I had a really busy week, but I managed to take a few hours before catching the flight home and I decided to make like the tourist and wander through the centre of Copenhagen. There is long street called “Strøget ” that runs the length of the CBD, which is just over a kilometre long. It’s totally pedestrianised and is the place to be seen in Copenhagen on a sunny day and wonder of wonders, the sun was shining and it was a toasty 17 degrees.
Strøget starts at the ‘Rådhuspladsen’ or City hall square and meanders past some fantastically expensive clothes shops and also some delightfully tacky souvenir shops – think little mermaid tea towels etc. The buildings are lovely, thankfully not having been bombed in WWII.
Note the Tuborg wagon taunting me…
Strøget was converted to a pedestrian zone on 17 November 1962 when cars were beginning to dominate Copenhagen’s old central streets. Inspired by a number of new pedestrian streets created by the RAF in Germany, the town planners decided to make some changes. After the war, during the 1950s they closed to traffic for several days over Christmas and people liked it. The original closure was initially a temporary trial, but the change was made permanent in 1964, and the road has been pedestrianised ever since.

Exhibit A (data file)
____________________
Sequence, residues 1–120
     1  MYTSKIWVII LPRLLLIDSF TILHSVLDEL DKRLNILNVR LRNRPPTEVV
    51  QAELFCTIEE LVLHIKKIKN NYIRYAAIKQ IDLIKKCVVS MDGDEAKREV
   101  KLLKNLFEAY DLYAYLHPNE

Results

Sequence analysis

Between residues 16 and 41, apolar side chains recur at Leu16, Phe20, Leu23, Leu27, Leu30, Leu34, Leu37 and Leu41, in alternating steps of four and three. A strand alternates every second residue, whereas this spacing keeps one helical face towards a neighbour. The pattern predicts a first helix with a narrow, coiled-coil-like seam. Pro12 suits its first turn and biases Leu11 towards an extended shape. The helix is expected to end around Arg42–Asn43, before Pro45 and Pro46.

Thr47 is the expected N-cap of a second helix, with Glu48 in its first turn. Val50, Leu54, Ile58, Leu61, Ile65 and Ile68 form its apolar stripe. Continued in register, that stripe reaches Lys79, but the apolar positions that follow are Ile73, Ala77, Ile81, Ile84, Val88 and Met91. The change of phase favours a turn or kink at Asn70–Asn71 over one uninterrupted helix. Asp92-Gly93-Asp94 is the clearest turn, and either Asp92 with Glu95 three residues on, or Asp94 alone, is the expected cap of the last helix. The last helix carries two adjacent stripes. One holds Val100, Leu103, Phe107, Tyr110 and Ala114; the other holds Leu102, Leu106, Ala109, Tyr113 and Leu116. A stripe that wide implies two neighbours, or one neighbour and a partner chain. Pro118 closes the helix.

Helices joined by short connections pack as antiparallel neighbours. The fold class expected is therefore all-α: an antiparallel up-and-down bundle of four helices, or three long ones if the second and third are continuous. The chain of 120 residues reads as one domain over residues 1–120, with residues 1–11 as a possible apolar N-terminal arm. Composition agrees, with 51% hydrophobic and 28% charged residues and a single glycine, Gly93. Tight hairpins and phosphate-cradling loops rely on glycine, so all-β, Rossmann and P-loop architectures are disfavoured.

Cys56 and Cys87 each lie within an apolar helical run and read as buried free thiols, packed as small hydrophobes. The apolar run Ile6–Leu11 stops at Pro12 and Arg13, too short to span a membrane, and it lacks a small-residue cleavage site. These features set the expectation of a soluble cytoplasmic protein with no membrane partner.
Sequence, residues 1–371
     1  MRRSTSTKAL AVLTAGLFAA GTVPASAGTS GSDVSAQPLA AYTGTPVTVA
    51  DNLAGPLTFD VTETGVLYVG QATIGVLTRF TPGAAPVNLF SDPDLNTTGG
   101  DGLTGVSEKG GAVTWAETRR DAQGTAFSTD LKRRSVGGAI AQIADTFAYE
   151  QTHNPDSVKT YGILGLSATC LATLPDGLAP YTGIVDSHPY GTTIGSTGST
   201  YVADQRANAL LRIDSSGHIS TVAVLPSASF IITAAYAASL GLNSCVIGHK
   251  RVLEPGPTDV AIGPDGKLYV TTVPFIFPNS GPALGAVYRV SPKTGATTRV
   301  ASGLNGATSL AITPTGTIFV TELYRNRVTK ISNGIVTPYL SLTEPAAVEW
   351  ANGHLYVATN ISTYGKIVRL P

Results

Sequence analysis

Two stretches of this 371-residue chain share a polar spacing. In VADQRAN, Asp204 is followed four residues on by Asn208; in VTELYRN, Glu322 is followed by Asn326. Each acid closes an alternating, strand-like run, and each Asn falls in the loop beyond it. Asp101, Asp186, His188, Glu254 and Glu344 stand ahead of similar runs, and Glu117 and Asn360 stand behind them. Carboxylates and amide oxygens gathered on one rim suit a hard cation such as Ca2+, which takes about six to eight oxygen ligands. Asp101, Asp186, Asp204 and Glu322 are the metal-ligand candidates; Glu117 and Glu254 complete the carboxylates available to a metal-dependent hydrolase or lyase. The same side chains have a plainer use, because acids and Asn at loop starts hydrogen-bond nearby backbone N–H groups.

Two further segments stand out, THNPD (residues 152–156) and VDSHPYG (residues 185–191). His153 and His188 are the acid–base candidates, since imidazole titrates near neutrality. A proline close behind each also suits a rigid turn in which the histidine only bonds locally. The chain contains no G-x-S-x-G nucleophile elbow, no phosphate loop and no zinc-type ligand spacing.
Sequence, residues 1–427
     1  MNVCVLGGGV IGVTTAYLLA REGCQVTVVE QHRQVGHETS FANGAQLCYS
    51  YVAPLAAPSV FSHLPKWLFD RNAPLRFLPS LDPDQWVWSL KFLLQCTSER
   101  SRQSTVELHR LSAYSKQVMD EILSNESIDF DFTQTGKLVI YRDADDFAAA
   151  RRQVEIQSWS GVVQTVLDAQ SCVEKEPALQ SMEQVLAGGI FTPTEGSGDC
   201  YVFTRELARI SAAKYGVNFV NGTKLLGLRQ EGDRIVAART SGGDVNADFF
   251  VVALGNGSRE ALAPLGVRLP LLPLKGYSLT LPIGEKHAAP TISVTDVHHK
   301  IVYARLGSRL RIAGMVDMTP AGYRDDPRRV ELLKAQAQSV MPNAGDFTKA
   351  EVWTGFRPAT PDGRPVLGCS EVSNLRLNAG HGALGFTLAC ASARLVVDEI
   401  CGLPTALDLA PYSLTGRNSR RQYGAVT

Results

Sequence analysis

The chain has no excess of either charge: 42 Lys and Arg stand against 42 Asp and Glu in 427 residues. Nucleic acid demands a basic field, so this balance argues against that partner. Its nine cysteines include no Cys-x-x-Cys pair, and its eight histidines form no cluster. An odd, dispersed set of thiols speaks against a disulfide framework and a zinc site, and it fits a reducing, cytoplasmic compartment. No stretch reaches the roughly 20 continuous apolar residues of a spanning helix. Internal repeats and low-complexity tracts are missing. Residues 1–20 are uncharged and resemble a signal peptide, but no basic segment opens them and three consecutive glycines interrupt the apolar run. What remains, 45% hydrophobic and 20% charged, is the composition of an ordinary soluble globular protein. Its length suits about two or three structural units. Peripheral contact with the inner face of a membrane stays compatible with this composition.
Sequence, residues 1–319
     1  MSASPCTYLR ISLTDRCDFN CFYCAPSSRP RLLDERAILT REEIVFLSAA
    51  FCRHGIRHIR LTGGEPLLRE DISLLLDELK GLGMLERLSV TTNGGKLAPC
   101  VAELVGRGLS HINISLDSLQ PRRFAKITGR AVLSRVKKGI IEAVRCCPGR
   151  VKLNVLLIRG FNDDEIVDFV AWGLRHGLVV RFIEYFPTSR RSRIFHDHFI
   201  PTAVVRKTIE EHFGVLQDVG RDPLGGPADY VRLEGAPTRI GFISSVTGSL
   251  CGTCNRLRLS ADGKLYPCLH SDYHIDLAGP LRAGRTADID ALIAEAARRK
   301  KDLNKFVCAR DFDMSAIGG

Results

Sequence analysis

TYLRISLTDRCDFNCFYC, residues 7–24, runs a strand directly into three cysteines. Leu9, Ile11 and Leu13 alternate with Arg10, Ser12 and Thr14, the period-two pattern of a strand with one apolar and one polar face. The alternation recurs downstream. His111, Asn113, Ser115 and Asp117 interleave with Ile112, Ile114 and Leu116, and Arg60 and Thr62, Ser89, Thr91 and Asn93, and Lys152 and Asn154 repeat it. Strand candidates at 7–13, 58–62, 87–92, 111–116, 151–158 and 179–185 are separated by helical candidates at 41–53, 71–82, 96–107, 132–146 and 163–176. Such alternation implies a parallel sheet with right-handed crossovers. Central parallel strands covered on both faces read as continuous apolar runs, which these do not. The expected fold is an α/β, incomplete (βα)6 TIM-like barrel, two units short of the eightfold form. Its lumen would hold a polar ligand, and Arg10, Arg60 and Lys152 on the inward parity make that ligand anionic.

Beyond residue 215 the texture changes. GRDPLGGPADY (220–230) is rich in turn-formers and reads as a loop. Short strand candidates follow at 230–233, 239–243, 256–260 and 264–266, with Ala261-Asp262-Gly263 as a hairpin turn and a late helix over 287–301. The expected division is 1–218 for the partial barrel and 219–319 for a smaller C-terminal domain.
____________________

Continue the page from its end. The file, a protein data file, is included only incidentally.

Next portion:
Not everyone liked the idea of banning the cars, as for some reason some people believed that the Danes did not have the mentality for the kind of “public life” envisioned by such a street, and many of the local merchants believed the move would damage their business. The gentleman behind the idea of a car free Strøget was Alfred Wassard, who was Copenhagen’s ‘mayor for town planning’ from 1962–78. The poor devil even received death threats for his efforts. On the opening day, police officers were present to protect against assassination threats, and unhappy car drivers blew their horns from the adjoining side streets to mark their displeasure even though the event was well attended and celebrated with dancing and music. The upmarket shops on the east end of the street were particularly angered by the change, and they lobbied to have the project restricted to the other end of the street, which was dominated by bars and cinemas at the time.
Unsurprisingly, it’s the bar and restaurant end of the street that intrigues me the most and it concludes at Kongens Nytorv (the Kings new square). There is a lovely harbour area with sea going barges and fishing boats tied up alongside the cobbled streets. Beautiful old buildings that would have once been merchants houses are now home to restaurants and bars with seating along the canal side.
Beautiful, but I’m not tempted to go for a swim…
I had a great seafood lunch and a cheeky glass of white wine, whilst people watching and due to Jerry Jnr’s allergy to shellfish, I felt no guilt at overdosing on prawns, scallops and crab claws whilst here. I’d really miss Australia but if Northern Europe ever did recall me, Denmark could become home for a while.